Middlesbrough’s decision to appoint Gareth Southgate as the club’s new manager looks set to go ahead later today without outright opposition from the League Managers’ Association.
Boro chairman Steve Gibson pushed ahead with his plans to appoint the 35-year-old former England centre-back despite initial opposition from the LMA.
The LMA have stepped back from outright opposition and have issued the following statement ahead of a press conference at 2pm at the Riverside Stadium where Southgate is to be unveiled as successor to England-bound Steve McClaren.
The LMA statement reads: “The LMA has the greatest respect for both Steve Gibson and Middlesbrough Football Club
“The association has said all it wishes to say on the subject of mandatory qualifications and so will not be joining any public debate over coach licensing and the FA Premier League rules.
“The Football Association and the Premier League are the guardians of their own rules and it up to those bodies to apply them.”
Boro’s decision to appoint the former Crystal Palace and Aston Villa central defender to succeed McClaren met with initial opposition as he does not have the required UEFA Pro Licence.
The LMA were against Southgate’s appointment from the outset but Gibson went ahead as he believed a precedent had been set by Newcastle’s appointment of Glenn Roeder.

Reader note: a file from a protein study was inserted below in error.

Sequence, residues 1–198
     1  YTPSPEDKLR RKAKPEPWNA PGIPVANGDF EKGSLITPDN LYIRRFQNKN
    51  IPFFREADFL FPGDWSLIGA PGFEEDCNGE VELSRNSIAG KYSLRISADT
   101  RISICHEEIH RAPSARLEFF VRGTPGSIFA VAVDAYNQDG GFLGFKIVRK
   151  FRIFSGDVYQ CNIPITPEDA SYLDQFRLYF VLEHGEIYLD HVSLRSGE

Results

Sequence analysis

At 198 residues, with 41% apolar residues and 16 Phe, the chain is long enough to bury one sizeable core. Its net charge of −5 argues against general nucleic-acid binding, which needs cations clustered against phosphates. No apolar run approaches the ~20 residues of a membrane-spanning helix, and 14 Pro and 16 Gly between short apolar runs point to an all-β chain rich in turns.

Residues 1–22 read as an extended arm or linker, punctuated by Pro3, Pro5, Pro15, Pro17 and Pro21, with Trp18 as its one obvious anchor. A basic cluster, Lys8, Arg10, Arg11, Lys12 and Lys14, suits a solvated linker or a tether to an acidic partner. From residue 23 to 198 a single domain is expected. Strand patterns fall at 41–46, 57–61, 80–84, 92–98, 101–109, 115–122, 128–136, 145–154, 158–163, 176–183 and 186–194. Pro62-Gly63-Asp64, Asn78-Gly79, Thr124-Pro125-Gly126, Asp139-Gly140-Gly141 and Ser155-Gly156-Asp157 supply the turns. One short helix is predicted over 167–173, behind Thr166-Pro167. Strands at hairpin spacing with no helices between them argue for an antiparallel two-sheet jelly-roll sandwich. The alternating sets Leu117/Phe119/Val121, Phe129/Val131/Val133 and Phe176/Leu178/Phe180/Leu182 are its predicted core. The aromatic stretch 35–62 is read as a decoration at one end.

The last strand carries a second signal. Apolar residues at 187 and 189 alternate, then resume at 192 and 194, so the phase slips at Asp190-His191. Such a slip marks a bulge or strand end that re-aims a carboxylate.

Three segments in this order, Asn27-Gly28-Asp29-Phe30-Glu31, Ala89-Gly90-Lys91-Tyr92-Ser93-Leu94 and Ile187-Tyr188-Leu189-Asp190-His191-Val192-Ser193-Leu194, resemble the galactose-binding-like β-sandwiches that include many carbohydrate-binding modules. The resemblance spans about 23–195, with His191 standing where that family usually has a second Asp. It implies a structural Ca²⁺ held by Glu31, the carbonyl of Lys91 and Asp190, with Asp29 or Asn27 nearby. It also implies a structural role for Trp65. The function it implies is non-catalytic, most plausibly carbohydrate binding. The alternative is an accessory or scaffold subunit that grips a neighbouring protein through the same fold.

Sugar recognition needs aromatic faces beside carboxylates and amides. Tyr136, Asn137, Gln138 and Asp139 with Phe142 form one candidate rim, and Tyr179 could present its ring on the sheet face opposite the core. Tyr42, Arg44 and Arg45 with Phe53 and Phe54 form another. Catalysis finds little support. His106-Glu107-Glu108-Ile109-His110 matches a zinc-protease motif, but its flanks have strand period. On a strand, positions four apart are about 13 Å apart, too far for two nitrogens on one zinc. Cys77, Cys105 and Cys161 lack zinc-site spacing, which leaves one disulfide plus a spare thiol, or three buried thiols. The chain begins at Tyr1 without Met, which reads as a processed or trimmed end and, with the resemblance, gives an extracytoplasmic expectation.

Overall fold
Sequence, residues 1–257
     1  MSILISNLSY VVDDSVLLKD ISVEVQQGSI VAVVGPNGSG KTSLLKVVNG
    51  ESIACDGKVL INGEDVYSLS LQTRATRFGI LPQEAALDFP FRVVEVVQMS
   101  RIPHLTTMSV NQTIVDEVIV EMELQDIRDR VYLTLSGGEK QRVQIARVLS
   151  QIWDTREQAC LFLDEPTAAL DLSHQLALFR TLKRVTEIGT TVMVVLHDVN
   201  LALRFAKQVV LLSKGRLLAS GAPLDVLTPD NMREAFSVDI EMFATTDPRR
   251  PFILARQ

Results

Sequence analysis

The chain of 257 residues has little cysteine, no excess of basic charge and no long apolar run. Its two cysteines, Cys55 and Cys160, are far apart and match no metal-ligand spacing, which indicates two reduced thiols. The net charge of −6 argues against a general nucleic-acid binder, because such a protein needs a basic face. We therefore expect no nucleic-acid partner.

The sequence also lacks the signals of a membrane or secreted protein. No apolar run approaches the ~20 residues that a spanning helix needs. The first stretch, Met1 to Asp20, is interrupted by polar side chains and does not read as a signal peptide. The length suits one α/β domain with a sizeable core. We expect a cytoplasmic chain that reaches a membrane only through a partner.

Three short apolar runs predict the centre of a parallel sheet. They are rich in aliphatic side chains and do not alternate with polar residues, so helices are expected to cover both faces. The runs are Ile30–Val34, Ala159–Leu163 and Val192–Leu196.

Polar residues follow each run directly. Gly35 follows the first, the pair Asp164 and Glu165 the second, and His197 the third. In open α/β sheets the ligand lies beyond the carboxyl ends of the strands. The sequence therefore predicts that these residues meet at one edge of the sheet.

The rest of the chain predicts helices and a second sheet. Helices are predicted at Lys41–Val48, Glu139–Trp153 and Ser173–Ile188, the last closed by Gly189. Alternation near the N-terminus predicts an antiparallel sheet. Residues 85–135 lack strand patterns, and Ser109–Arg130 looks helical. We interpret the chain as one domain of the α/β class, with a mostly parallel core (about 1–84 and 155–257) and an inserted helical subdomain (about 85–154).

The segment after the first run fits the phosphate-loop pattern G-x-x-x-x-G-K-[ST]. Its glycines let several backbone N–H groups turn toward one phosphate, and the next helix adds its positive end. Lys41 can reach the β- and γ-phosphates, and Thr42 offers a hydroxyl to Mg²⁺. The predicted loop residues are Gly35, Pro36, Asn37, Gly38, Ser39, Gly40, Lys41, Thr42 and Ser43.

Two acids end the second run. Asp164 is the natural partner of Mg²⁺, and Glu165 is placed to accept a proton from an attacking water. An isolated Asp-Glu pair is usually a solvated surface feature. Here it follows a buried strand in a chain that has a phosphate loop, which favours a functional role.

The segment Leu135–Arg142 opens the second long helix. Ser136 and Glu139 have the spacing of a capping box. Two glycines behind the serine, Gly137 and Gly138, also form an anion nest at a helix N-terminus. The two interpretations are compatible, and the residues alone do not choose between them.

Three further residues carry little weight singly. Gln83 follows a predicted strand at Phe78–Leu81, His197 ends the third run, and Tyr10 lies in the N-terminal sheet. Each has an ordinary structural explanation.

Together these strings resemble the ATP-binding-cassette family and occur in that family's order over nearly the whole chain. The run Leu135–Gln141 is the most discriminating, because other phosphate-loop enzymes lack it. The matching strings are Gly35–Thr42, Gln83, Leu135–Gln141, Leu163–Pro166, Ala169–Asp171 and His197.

FA Premier League rules state people without the Pro Licence can only take charge of a club for 12 weeks but the 20 club chairmen recently voted to allow Roeder dispensation.
Roeder had been enrolled on a Pro Licence course in the past but was forced to withdraw due to illness. He will now take the year-long course in order to be fully qualified by the end of next season.
Boro argued Southgate has so far been unable to acquire all his coaching qualifications because of his successful playing career.
Boro chief executive Keith Lamb told the club’s official website, www.mfc.co.uk: “Middlesbrough and Gareth should not suffer because he has had such a successful career at club and international level.
“Until recently Gareth has spent his summers serving his country as a player. It makes little sense such players should be denied rare opportunities like the one he now has simply because he hasn’t had the chance to gain the qualifications.”
Gibson has turned to Southgate, who won 57 caps for England, after talks with Terry Venables, Martin O’Neill and Alan Curbishley failed to bear fruit.
Before today’s statement LMA chief executive John Barnwell had said: “They can’t do it, it’s as simple as that.
“Gareth Southgate may be working towards becoming a coach but at this stage he hasn’t got the necessary qualifications to do the job.
“I would reiterate this is not an LMA matter, it is a UEFA directive and an FA Premier League rule.”